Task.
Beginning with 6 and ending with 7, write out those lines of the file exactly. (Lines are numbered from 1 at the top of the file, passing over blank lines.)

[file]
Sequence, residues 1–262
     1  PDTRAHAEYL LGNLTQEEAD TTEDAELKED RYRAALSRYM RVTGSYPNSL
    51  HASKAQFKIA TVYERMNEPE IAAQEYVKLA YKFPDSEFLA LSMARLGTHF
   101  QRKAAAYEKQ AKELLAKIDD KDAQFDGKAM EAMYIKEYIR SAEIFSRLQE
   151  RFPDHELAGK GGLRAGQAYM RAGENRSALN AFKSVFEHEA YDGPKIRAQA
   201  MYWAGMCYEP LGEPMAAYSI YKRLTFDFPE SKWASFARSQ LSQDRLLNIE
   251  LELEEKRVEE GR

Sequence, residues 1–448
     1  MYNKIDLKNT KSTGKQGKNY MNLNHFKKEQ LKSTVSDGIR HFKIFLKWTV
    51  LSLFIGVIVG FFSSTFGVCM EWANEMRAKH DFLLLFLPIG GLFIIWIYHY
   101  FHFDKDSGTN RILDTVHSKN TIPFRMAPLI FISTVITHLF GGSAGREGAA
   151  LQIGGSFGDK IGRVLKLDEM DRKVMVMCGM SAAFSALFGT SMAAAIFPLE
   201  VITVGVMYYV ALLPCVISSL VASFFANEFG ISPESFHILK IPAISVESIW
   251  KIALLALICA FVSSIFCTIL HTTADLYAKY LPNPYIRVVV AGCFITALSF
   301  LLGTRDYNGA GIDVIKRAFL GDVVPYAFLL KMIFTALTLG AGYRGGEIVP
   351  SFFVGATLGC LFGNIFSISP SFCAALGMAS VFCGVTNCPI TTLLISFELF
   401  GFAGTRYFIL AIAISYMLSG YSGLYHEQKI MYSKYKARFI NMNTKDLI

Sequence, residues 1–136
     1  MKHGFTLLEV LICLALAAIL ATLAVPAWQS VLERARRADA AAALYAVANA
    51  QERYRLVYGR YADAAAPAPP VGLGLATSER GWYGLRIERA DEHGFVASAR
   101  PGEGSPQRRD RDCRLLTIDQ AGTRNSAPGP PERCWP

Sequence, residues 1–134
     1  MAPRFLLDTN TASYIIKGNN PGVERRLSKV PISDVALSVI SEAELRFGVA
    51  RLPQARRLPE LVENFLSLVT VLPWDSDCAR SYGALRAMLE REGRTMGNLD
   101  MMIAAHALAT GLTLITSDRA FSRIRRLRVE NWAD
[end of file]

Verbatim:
   201  MYWAGMCYEP LGEPMAAYSI YKRLTFDFPE SKWASFARSQ LSQDRLLNIE
   251  LELEEKRVEE GR